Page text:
Celosia Residence | MVRDV + Blanca Lleó

• September 22, 2009

Celosia Residence  MVRDV Blanca Lleó plusMOOD 2 595x390 Celosia Residence | MVRDV + Blanca Lleó

Celosia Residence, image courtesy of Ricardo Espinosa

Celosia Residence  MVRDV Blanca Lleó plusMOOD 1 595x441 Celosia Residence | MVRDV + Blanca Lleó

Celosia Residence, image courtesy of Ricardo Espinosa

Dutch architects MVRDV in collaboration with Madrid architect Blanca Lleó have completed a social housing project – Celosia Residence in Madrid, Spain. The large housing block is divided into 30 small staggered blocks of apartments to create the wide openings for communal patios throughout the building.

+ Project description courtesy of MVRDV

MVRDV with Blanca Lleó complete Celosia Residence, Madrid

In Madrid-Sanchinarro the first residents received the keys to their apartments in the just completed Celosia building. Jacob van Rijs of MVRDV and Blanca Lleó have completed the social housing block near the Mirador Building, which is an earlier collaboration. The perforated block of Celosia assembles 146 apartments, communal outside areas throughout the building, and parking and commercial program in the plinth. The total floor area is 21,550m2. With a construction cost of 12,6 million Euro the apartments can be sold for affordable prizes. The city block is opened and allows wind and light to enter the building, offering vistas and outside spaces contrasting the surrounding area. The client is EMVS, the public housing corporation of the city of Madrid.

Celosia Residence  MVRDV Blanca Lleó plusMOOD 3 595x405 Celosia Residence | MVRDV + Blanca Lleó

Celosia Residence, image courtesy of Ricardo Espinosa

Celosia Residence  MVRDV Blanca Lleó plusMOOD 5 595x407 Celosia Residence | MVRDV + Blanca Lleó

Celosia Residence, image courtesy of MVRDV

The given volume of the city block was divided into 30 small blocks of apartments. These blocks are positioned in a checkerboard pattern next to and on top of each other, leaving wide openings for communal patios throughout the building. 146 one-, two- and three-bedroom apartments are all accessed via these communal spaces. Most apartments offer additional private outdoor space in the shape of a loggia right behind the front door. Inhabitants have the possibility to gather in the communal high-rise patios which offer views towards the city and the mountains and provide natural ventilation in summer. Opening the front doors connects the private outdoor areas to the communal area.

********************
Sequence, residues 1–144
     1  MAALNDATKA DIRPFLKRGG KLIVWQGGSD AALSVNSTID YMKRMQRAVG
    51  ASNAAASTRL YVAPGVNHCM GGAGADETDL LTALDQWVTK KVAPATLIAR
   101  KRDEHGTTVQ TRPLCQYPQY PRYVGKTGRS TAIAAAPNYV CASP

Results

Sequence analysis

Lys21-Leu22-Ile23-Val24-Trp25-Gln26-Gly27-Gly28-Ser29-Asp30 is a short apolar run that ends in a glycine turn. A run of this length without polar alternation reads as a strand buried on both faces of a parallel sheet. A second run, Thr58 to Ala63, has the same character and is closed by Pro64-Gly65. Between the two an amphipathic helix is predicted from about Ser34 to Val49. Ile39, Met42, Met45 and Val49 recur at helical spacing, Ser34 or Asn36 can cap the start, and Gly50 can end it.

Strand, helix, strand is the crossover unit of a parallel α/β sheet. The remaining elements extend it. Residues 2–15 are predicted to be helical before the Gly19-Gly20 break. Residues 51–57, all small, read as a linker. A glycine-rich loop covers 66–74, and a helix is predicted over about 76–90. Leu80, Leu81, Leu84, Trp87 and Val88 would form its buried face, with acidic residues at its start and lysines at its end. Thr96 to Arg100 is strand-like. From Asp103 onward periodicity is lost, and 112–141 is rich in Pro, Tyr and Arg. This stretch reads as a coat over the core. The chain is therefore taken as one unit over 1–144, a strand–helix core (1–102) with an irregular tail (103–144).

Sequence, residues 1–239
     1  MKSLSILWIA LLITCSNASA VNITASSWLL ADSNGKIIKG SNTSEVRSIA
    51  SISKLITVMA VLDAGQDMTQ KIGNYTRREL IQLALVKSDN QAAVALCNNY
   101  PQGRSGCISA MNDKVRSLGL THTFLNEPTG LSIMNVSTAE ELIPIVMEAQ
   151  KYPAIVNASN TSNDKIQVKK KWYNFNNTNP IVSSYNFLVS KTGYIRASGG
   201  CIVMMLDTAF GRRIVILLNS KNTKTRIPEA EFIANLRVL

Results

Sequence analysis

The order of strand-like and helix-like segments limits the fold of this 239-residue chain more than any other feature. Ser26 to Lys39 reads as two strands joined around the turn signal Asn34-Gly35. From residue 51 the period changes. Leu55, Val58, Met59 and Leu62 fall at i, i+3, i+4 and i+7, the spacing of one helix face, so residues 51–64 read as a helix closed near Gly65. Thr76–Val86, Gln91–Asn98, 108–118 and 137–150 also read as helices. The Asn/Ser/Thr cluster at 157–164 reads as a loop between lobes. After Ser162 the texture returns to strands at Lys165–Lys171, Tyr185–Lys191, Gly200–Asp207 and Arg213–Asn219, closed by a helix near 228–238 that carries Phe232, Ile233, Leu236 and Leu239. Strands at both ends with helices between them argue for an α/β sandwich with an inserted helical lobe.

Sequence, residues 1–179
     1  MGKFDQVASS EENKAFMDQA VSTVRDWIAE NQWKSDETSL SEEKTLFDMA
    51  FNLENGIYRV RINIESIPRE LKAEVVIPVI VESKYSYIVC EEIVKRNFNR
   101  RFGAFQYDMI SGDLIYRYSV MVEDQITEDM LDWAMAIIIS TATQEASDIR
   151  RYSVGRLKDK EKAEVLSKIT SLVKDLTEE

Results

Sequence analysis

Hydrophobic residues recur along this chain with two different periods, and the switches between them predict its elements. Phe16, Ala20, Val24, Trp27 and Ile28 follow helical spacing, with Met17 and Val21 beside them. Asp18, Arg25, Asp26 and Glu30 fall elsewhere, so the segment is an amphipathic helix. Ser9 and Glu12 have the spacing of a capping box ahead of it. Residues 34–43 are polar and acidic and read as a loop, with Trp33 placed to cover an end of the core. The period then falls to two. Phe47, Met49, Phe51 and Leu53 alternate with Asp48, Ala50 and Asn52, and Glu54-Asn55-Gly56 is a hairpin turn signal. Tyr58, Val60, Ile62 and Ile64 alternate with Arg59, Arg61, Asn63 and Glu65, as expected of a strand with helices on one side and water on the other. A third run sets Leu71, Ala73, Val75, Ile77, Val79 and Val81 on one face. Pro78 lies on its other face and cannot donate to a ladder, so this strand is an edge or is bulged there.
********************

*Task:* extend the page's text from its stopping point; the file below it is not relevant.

Celosia Residence  MVRDV Blanca Lleó plusMOOD 4 595x364 Celosia Residence | MVRDV + Blanca Lleó

Celosia Residence, image courtesy of Ricardo Espinosa

The façade is made of coated concrete which was from the ground floor up constructed in complete mould system, an efficient and clean way to cast concrete, keeping the construction cost to a minimum; an important asset for this social housing project. The polyurethane coating allows the façade to shimmer and reflect depending on the light condition.

All windows are floor to ceiling height and can be shielded from the sun. Each apartment has the possibility of cross ventilation through two or three facades and enjoys views through the building and to the surrounding. A system of power efficient boilers is used in the building; solar panels on the roof heat water reducing energy consumption further.

Underneath the building a parking garage on two levels provides 165 parking spaces. The ground floor offers room for 6 individual retail units.

The nearby Mirador building which was completed by MVRDV and Blanca Lleó in 2005 also discusses the traditional building block by putting it vertical. The Celosia building is horizontally arranged around the interior court but opposes the generic introverted architecture in the area by bringing light and communal space into the building allowing a perhaps more extraverted Spanish lifestyle as every apartment opens up to a small plaza.

+ Project credits / data

Project: Celosia Residence
Location: Madrid, Spain
Architect: MVRDV+ Blanca Lleó (Madrid)
Client: EMVS
Year: 2009
Photo: © Ricardo Espinosa

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Category: Architecture, Residential, Selected

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